When coding on iOS, have you ever wished to have a common structure between your projects? a standard way of coding for your team? More than a code style guide but like a code structure guide ?
This article presents different rules and code guidelines that could help to strucutre your projects and improve the quality of the code.
Some points might not be suitable for certain languages, or you could even disagree.
But, when a developer keeps jumping between projects with different structures and languages without a global, strict (and restrictive) convention, the general quality will instantly decrease and slow down the development time.
In few words: the devs go crazy, all projects crash, end of the world.
Align & structure your code
Make sure the code is aligned to itself. This is just about structure and better looking code: the
=, the start of the lines, the function names, etc.
The alignment is done with tabulations.
It is also extremely appreciated to use comments to separate the class attributes and pragma mark between functions.
No magic numbers
A very simple rule, one should never ever write nor use magic numbers. Numeric values should be either dynamic (from an IBOutlet) or calculated.
If, somehow, it is absolutely NOT possible, then use a constant set in the constants file inside a structure.
The following example show how to create such structures.
The more your constants are structured the better.
PS: Note how everything is aligned.
No duplicated code
Duplicate code and/or logic should not be allowed. In any case.
When coding you should always be able to reuse your code from the current app or common helpers.
The common excuses are: “it’s just 3 lines” or “it’s not important” or “but whatever”.
All this just show how bad your code (structure) is. The debug of such code will be a nightmare for the developer in few months and a huge problem for the team.
In general try to use open-source libraries as much as possible through a dependency manager. For example
The most famous dependency managers are:
Private or internal libraries are also good as far as you do not re-code or re-invent something that already exists.
NSNotificationCenter is hell
Try to avoid as much as possible the
NSNotificationCenter. Many projects have been lost in the darkness due to this thing.
In few words, it sends magical calls to an unknown number of observers that do unknown actions without any flow/logic of what is actually going on in the app.
This very bad practice can seriously breaks the app and be the worst nightmare of your developer’s life.
You should restructure again your code and use custom delegates or (even better) blocks instead.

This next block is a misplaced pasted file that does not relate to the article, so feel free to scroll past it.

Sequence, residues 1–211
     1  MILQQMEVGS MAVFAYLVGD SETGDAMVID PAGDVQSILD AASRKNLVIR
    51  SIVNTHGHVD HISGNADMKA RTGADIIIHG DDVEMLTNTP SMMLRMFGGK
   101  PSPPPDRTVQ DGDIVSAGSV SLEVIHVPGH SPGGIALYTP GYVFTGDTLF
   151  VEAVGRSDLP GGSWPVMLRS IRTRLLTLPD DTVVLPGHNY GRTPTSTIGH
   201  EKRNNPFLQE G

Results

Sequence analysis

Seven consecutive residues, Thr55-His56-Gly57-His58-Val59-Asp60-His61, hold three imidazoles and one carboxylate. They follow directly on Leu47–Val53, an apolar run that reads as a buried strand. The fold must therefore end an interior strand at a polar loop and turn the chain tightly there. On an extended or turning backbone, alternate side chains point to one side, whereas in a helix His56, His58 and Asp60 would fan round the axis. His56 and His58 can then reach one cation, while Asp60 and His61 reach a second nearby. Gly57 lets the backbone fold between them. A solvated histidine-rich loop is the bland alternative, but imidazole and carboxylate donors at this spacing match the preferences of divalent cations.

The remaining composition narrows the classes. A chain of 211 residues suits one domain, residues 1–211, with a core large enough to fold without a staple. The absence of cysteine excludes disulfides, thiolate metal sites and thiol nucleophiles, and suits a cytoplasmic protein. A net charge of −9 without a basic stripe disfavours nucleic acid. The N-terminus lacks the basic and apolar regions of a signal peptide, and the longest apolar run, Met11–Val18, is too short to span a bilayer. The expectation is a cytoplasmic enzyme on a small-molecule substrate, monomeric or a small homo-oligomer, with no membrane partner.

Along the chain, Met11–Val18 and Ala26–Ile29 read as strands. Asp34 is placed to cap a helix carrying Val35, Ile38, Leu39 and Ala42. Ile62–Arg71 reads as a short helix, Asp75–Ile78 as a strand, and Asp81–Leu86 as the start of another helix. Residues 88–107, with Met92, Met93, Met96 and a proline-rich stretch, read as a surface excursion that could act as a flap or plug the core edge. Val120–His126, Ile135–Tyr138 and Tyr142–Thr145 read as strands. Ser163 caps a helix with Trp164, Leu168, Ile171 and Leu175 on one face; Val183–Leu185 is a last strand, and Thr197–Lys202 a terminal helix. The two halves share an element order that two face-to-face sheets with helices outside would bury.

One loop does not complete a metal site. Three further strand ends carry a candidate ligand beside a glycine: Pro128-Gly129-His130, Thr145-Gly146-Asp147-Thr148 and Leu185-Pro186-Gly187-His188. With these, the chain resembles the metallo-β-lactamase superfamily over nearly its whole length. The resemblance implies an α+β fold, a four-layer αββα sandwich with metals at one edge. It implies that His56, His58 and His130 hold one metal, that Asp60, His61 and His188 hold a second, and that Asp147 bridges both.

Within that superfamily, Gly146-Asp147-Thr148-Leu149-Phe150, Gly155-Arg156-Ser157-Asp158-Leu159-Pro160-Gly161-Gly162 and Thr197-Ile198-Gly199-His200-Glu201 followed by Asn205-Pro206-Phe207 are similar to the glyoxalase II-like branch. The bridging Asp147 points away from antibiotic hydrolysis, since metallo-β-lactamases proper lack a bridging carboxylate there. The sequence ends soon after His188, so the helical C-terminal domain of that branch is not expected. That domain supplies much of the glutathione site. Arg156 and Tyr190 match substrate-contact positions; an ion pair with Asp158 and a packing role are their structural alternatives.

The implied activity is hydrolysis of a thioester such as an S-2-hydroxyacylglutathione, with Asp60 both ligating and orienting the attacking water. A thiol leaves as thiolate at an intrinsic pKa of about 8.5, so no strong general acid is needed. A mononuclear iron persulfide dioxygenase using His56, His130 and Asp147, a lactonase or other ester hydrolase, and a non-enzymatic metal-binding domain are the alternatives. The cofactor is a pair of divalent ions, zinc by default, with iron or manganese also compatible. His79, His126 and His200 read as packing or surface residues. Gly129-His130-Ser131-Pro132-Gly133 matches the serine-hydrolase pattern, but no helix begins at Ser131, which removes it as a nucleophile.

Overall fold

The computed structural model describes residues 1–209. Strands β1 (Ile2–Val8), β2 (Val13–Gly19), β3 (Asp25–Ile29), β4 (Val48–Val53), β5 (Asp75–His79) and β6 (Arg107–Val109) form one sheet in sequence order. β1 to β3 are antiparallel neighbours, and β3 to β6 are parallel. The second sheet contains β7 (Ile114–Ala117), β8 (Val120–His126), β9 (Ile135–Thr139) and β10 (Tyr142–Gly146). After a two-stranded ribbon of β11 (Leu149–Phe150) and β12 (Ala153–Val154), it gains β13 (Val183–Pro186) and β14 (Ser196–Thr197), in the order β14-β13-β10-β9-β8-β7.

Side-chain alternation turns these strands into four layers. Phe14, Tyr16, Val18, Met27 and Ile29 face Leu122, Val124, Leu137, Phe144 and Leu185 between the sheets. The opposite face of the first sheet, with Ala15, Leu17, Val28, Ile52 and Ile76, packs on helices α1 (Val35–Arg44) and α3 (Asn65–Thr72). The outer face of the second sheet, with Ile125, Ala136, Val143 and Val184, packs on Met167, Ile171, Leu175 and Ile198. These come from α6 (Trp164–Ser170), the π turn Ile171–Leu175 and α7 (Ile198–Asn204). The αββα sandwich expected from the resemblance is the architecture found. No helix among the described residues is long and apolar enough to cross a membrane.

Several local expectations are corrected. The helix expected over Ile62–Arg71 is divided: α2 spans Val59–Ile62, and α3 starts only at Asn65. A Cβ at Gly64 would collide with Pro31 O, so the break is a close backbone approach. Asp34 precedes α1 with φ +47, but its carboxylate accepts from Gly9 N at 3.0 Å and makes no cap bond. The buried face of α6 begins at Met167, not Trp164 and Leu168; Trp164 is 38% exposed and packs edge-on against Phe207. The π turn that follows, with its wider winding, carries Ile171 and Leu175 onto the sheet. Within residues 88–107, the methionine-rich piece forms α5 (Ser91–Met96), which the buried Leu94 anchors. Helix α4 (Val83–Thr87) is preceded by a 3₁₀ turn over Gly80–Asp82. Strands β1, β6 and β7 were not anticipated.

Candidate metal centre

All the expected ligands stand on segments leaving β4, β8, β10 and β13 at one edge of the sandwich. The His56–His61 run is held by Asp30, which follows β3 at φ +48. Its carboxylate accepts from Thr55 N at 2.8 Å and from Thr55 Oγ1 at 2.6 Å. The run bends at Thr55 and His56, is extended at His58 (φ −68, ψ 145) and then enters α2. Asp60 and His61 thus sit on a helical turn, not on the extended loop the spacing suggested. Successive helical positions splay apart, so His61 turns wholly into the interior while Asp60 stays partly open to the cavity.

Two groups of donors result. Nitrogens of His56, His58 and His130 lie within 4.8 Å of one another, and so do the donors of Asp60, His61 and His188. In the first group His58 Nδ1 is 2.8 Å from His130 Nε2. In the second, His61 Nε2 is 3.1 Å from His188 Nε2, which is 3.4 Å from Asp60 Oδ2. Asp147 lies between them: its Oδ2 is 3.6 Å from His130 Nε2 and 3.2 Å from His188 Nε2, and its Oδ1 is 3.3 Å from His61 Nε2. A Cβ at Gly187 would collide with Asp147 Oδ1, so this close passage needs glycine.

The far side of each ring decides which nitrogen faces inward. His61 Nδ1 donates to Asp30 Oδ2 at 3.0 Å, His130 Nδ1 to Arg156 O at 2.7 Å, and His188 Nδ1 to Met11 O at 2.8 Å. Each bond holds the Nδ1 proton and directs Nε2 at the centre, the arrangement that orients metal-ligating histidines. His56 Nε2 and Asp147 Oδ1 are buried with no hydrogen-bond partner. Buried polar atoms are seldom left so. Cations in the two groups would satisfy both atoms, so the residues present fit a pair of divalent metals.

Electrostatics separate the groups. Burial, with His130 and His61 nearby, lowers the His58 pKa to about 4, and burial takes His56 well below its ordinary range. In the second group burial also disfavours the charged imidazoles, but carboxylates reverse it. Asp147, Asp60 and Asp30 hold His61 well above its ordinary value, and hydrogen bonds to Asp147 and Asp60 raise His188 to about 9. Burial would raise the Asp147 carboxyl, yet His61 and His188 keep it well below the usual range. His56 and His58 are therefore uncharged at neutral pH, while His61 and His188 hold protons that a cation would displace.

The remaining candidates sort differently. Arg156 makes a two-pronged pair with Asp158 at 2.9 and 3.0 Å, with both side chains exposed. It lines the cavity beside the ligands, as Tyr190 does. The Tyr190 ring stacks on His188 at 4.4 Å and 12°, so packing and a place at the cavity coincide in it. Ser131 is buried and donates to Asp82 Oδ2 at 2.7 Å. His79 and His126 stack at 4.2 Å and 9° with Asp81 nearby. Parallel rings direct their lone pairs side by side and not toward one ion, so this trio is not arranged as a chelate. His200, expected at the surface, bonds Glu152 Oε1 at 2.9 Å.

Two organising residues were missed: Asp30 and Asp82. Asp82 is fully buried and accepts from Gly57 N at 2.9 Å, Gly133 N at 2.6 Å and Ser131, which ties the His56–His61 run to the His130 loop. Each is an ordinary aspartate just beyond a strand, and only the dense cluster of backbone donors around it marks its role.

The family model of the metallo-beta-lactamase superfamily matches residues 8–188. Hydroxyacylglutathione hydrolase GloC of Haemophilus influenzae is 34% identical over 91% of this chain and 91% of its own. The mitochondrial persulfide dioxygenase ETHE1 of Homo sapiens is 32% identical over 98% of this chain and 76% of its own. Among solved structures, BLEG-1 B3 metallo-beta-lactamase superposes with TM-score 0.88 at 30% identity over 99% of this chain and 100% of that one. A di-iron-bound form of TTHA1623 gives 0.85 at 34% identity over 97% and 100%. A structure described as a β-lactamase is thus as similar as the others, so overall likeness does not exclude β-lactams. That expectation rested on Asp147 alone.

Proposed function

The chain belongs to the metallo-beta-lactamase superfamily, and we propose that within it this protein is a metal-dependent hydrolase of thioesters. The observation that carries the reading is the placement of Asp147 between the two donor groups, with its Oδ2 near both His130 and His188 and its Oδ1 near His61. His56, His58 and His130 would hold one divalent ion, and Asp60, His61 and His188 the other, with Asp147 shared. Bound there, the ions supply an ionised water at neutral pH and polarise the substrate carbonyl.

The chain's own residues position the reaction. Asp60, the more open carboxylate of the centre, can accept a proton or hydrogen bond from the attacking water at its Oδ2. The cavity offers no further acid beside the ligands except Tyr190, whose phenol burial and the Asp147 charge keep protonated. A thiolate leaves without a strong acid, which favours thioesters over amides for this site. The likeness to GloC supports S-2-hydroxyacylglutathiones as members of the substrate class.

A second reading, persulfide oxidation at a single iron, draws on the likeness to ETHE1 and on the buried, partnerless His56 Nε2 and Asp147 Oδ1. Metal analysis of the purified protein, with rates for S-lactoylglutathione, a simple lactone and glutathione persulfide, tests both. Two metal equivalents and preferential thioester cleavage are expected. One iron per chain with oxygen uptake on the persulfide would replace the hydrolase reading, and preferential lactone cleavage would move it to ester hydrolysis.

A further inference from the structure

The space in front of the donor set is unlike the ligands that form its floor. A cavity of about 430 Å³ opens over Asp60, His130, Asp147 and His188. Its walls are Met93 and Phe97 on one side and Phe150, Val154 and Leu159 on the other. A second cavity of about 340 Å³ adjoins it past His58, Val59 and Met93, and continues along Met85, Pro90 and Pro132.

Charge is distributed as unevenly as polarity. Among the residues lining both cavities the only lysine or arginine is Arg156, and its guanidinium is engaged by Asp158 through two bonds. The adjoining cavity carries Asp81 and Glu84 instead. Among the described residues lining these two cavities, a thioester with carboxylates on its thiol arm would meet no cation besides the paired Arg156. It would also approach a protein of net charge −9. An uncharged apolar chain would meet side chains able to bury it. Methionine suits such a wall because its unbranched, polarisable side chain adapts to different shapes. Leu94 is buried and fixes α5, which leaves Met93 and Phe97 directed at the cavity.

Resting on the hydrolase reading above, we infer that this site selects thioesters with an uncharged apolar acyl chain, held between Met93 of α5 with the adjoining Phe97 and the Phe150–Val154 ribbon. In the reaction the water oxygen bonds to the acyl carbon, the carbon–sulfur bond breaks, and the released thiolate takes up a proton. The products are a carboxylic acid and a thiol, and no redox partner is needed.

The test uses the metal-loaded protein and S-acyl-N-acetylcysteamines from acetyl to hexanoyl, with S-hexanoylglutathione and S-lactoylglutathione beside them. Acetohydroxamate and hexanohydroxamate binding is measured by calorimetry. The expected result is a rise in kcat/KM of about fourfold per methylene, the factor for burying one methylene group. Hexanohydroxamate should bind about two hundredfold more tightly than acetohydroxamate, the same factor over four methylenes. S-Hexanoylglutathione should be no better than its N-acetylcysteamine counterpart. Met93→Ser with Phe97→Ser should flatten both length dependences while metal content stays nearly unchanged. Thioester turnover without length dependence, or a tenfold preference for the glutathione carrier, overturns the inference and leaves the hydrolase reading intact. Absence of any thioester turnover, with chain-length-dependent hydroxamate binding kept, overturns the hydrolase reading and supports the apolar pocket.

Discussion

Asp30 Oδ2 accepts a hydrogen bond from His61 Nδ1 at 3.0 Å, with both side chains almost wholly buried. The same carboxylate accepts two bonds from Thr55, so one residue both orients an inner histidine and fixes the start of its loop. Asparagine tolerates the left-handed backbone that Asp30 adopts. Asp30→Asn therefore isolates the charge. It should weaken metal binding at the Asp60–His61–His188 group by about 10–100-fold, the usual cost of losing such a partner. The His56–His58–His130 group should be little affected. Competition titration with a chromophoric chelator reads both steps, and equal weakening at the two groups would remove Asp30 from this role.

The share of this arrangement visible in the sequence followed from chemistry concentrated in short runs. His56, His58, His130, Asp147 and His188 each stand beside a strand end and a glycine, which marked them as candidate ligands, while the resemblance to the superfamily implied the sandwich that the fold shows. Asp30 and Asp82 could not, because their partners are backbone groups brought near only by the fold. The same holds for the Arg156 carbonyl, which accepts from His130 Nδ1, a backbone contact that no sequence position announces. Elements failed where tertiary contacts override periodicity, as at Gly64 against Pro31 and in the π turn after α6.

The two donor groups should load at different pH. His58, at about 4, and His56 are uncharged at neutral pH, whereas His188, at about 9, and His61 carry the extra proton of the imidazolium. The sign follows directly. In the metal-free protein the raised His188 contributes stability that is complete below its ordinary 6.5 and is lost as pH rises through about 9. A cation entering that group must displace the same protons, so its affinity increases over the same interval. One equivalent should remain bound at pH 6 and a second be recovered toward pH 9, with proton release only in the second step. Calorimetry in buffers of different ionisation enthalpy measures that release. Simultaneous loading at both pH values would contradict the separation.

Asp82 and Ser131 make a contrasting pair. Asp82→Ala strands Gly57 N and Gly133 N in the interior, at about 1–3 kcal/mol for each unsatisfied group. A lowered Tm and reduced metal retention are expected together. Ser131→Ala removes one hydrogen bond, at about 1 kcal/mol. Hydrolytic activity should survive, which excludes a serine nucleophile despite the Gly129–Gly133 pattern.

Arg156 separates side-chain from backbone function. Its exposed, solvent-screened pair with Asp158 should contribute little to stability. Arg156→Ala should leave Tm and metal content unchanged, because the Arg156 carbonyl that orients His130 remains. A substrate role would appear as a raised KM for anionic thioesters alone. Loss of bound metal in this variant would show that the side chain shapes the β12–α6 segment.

PS: So far you need them for the keyboard notifications…
KVO ain’t good
Key Value Observing is mostly the same thing.
It is a bit too complex, not easy to read, and dangerous (could make the app crash if the observer or the observed objects are deleted).
In most cases delegates and blocks could be used instead!
Constants in one single file
The constants should be in one single constants files called
Of course this file should also be prefixed depending on your project.
As said earlier, the more your file is structured the better. Create structures, add comments and
pragma marks. Try to avoid single and anarchic constants without logic nor explanation around.
What constant means is all strings/numbers that are fixed and can’t be dynamically changed.
They are used for database keys, API endpoint and response code, user default keys, segue identifier, etc. Actually all values that should not change over time. But if they do, they are all created in one single file and the change will take mostly 5 seconds.
PS: Note how everything is aligned.
NOTE: Use the UpperCamelCase for all Enum, Struct, case, static variable names.
Defines also in a dedicated file
A define is a value used to configure and modify how the app reacts. They should be written in the
In the end this file should be pretty small with just
#define (Obj-C) or static variables (Swift) to really control the app:
- Enable log or not.
- Reset the database.
- Unable the DEBUG mode for some libraries.
- Disable a feature or not.
Here is an example in Swift:
Control your log
There is nothing more annoying than starting an app and not being able to understand what is going on in the console as the log is flooding like an heavy rain.
To avoid that, try to forbid the use of anarchic
Usually, only the dynamic errors (from the database or the API) should be automatically logged as they are extremely important to know when/what/where something wrong happens.
Using logs is not a bad thing at all but it should be used and controlled wisely.
To do so use the
DKLog function from the DKHelper. It takes as parameter a boolean to dynamically enable the log or not, and of course, a string to print.
The verbose boolean should be on the Defines header file.
Comment your code
A beautiful code is also a documented one. You should always try to explain and document the logic you are implementing.
Even if it looks simple, and it surely does “now”, but it won’t be in 5 months for another developer.
Comments above the functions are, of course, well appreciated to explain the purpose and general informations.